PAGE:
13 July 2009
"Hottest 100" very uncool for Triple J's brand
Yesterday, the ABC's national youth radio network Triple J revealed the final results of its listener poll of the Hottest 100 (songs/records) of All Time.
The Hottest 100 brand has become extremely important for Triple J since the poll began in the late 1980s. The annual Hottest 100 CD compilations, which began in 1993, sell by the hundreds of thousands. The annual listener poll for the year's best releases and the accompanying CD and events are a central and vital part of the station's promotion and merchandising.
But the results of this year's poll make disturbing reading for Triple J management and its ultimate masters higher up in the ABC and the Federal Government.
The concern won't be about any individual song or artist - whether a particular song is worthy of inclusion in the best 100 of all time will always be subject to personal taste and passing fads, and will be a subject for robust and enjoyable debate.
But it's the overall picture painted by some basic stats from the Hottest 100 that should have Triple J management worried.
Firstly, only five black artists or acts are represented in the entire Top 100: Michael Jackson (whose recent untimely death no doubt gave him a boost in the poll), Jimi Hendrix, Bob Marley, Stevie Wonder and (maybe) English band Bloc Party (fronted by a man born in the UK to Nigerian parents).
It is inconceivable that any reasonable poll of the "Hottest 100 songs of all time" could so glaringly exclude any and all black artists and music since 1982. This is especially disturbing when one considers how culturally important, if not dominant, essentially black musical forms like soul, funk, hip-hop and R&B have been in Western popular music since the 1960s. Triple J (in)famously began its national broadcasts in 1989 by being the only radio station in the world to play the song "F@#* Tha Police" by NWA (Niggaz With Attitude). Yet there is not a single black hip-hop act in this Hottest 100.
However, far more glaring than the relative lack of black artists is the total absence of female artists.
At best, I can see two songs that even feature female voices - Teardrop by Massive Attack (with "vocals by Elizabeth Fraser", i.e. not a full artist credit) and vocals by Kim Deal on the Pixies' Where is My Mind.
Again, it is utterly inconceivable that any list of the 100 greatest songs of all time could totally exclude female artists.
I know Triple J's own playlist and announcers don't reflect this shocking lack of diversity, and I'm not suggesting an editorial hand at work here. But if you do as I did and Google "greatest 100 songs" (of all time, by genre, by decade, etc.), you'll find all kinds of takes on this - polls, subjective lists, critics' choices. Yet you won't find a single list that completely excludes females and all but the most white-acceptable performers of colour. Indeed, from just some of these lists, and in the space of an hour or two, I easily compiled this list of songs by black and female artists.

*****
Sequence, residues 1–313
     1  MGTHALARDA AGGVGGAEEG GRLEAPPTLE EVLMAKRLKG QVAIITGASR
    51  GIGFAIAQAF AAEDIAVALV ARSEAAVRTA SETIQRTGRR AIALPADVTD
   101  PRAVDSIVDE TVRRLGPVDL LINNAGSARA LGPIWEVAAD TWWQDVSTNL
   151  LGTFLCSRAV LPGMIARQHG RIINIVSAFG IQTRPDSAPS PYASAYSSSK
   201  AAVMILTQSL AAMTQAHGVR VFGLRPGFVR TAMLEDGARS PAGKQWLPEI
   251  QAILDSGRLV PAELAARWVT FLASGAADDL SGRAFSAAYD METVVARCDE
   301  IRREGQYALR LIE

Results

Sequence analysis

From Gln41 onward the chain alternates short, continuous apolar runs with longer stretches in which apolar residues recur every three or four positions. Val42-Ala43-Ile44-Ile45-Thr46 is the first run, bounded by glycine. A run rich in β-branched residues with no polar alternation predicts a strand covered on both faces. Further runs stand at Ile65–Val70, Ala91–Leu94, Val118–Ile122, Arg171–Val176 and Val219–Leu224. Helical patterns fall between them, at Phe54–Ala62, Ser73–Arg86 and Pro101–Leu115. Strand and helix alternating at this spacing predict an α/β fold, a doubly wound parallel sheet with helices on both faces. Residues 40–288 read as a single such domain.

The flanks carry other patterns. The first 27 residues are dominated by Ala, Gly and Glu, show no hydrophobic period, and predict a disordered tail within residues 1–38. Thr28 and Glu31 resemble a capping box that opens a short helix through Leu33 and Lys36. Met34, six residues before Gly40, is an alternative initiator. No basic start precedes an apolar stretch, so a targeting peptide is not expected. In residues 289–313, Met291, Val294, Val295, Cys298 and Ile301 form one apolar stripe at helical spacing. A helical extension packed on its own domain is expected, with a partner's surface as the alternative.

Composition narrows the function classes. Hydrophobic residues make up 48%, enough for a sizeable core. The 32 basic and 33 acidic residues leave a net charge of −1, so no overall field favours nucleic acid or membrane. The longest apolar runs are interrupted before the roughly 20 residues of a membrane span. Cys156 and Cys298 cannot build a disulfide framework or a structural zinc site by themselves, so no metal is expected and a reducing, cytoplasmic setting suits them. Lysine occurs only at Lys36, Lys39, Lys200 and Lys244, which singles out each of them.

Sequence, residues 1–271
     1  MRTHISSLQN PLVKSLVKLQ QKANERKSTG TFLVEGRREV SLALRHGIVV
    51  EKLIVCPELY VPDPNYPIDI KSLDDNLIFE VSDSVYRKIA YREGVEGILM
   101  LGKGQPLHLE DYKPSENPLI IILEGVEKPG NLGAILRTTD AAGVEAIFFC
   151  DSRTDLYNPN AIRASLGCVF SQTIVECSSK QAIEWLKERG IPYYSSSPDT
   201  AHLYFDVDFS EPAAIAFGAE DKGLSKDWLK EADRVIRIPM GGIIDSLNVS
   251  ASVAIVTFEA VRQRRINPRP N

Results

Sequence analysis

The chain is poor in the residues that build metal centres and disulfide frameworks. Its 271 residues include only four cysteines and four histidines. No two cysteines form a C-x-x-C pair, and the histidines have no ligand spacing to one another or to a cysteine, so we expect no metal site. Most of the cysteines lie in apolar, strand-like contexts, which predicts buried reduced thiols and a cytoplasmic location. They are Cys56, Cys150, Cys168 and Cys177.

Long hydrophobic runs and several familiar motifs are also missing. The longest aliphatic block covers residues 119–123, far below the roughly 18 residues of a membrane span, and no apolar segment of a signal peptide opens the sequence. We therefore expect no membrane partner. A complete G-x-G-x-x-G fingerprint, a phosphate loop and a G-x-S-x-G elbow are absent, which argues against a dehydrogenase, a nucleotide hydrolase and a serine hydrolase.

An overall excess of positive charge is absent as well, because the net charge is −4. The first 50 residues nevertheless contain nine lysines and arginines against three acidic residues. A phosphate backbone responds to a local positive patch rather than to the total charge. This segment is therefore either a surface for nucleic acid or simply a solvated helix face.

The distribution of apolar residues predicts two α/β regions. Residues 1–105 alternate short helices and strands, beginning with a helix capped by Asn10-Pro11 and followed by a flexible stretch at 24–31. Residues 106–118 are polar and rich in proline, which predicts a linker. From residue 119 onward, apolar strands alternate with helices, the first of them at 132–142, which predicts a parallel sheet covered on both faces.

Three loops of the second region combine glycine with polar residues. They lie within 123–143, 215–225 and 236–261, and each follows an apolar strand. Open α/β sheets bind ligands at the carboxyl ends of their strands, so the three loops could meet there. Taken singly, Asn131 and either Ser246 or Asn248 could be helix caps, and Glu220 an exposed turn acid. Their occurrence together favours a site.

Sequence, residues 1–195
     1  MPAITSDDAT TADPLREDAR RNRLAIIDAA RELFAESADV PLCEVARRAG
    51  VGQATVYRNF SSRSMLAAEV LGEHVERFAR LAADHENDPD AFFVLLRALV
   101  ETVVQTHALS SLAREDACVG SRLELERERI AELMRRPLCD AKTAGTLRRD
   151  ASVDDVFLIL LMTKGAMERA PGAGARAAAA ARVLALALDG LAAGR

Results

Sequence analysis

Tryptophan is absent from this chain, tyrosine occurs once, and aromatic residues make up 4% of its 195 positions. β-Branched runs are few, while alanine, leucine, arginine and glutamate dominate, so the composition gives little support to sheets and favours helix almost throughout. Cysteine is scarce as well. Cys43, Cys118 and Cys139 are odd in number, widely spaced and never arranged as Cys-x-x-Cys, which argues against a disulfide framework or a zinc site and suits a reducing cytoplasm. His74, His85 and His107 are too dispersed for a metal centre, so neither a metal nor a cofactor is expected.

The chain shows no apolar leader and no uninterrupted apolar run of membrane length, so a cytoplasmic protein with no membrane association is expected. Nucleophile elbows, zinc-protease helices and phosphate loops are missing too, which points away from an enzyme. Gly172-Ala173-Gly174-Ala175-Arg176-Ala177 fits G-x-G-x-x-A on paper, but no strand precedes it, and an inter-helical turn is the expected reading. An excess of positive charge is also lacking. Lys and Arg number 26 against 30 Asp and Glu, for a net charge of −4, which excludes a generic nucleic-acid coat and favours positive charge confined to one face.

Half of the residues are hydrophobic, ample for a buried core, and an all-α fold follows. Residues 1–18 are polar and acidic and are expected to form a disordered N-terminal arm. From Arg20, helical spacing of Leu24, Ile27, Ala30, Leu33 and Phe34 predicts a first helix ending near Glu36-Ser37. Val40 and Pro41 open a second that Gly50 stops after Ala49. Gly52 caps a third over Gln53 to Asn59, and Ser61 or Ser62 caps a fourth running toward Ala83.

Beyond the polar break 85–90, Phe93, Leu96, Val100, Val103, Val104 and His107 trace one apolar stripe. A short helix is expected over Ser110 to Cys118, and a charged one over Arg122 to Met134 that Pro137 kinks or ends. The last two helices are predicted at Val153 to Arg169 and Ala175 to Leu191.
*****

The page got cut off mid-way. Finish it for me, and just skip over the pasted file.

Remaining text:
Some people - including Triple J on-air personnel - have defended the Hottest 100 over the last 24 hours using what I call "the Logies excuse", i.e. that it's a popularity contest and it's not about merit.
Problem is, Triple J has successfully leveraged its listeners' musical tastes for years in the form of the Hottest 100 brand. And half a million votes sounds like great level of audience engagement. But previous annual polls and compilations have never reflected such an overall narrowness of musical style and audience appeal.
The top 20 especially was dominated by anthemic, epic, heavy, "message" songs in minor keys. And if the singer died tragically and prematurely, the song placed even higher. No "feel good" songs. And definitely no dance.
All of this makes this Hottest 100 of All Time a poison chalice for those whose job is to try to promote the station on the back of it, and for those who would defend Triple J's taxpayer funding on the basis that the national youth broadcaster has an important role in promoting cultural diversity.
Unfortunately, the data suggest that Triple J - intended to break down the sameness associated for so long with commercial Top 40 radio - may simply have subsituted a new kind of (white male) sameness.